“My brothers and sisters, we cannot, we simply cannot allow the same dangerous gene of factionalism dismantle Israel from within,” Bennett said in Wednesday night’s ceremony, broadcast on national TV.
Bennett’s speech, coming on one of Israel’s most solemn days of the year, came in a deeply personal context. Just a day earlier, his family received a letter with a live bullet and a death threat. Israeli authorities tightened security around the premier and his family and were investigating.
That prompted his son oldest son Yoni to write on Instagram how upsetting the episode had been.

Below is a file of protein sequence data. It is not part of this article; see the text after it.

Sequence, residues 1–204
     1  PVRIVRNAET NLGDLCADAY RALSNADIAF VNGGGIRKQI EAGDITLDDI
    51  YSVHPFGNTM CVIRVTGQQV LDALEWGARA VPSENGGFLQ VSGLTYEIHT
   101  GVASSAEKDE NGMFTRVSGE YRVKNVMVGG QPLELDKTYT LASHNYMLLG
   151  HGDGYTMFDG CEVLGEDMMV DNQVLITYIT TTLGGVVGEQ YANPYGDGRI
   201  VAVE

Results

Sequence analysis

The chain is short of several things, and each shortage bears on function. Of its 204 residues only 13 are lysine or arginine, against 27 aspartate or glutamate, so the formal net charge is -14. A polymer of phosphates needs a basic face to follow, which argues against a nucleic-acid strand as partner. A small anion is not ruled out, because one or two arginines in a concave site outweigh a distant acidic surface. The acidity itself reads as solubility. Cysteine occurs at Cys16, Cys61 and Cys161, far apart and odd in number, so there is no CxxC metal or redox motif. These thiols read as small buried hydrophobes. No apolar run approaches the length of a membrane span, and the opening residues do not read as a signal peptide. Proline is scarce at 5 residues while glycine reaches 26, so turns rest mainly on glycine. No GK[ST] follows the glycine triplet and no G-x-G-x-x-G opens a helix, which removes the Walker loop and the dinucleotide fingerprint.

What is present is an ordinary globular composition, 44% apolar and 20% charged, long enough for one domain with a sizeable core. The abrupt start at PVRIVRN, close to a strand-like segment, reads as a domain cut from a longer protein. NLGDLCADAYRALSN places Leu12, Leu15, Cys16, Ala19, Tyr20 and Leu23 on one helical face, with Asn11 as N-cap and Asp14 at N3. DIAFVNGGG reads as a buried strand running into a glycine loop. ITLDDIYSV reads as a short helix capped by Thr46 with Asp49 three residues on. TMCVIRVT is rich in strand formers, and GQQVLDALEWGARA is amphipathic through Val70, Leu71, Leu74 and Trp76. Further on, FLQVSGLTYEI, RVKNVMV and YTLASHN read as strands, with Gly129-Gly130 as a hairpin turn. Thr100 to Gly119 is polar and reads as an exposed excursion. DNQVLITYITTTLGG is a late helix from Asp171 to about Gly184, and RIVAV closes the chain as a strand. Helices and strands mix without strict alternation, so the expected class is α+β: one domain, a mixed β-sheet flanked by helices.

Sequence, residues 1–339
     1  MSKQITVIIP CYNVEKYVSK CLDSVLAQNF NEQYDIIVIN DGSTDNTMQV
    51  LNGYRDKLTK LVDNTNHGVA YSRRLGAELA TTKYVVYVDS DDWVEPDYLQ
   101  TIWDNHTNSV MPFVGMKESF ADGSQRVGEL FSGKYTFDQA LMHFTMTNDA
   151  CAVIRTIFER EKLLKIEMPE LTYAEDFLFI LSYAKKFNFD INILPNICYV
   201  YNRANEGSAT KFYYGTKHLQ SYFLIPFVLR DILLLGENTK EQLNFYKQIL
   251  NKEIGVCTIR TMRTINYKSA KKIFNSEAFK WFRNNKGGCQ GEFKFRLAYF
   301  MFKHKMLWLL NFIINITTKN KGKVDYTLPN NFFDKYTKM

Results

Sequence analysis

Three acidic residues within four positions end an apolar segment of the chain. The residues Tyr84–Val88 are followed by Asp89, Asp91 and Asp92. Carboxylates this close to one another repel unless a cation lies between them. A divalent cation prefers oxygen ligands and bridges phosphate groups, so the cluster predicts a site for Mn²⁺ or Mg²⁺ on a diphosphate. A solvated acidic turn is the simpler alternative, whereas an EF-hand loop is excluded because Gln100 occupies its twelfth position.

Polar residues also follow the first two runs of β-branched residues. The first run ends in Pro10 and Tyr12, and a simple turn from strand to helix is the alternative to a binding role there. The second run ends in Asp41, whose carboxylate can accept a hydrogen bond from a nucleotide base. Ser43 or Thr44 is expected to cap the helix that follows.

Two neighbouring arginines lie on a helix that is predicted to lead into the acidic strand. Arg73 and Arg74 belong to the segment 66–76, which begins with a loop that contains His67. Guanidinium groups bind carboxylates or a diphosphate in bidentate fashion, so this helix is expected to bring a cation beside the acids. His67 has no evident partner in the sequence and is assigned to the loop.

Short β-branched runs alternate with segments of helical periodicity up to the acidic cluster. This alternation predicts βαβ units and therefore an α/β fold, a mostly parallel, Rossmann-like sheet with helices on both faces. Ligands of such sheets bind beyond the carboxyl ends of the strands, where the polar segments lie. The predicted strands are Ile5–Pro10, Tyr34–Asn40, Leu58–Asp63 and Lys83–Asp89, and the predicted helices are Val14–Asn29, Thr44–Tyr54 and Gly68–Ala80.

“It’s just sad to see that real people write such horrible things,” he said. “To think that he lives and breathes like me but has a brain that was created by the devil is crazy.”
Israeli media said Yoni, who is 17, was the target of Thursday’s threats.
Bennett leads a narrow coalition that recently lost its parliamentary majority. His government is made up of eight parties that have little in common beyond their shared animosity to former Prime Minister Benjamin Netanyahu, and Netanyahu, now the opposition leader, has worked hard to deepen divisions within the coalition.
Bennett’s government was formed after four inconclusive elections, underscoring the fissures in society over key issues, including the conflict with the Palestinians and relations between religious and secular Jews.
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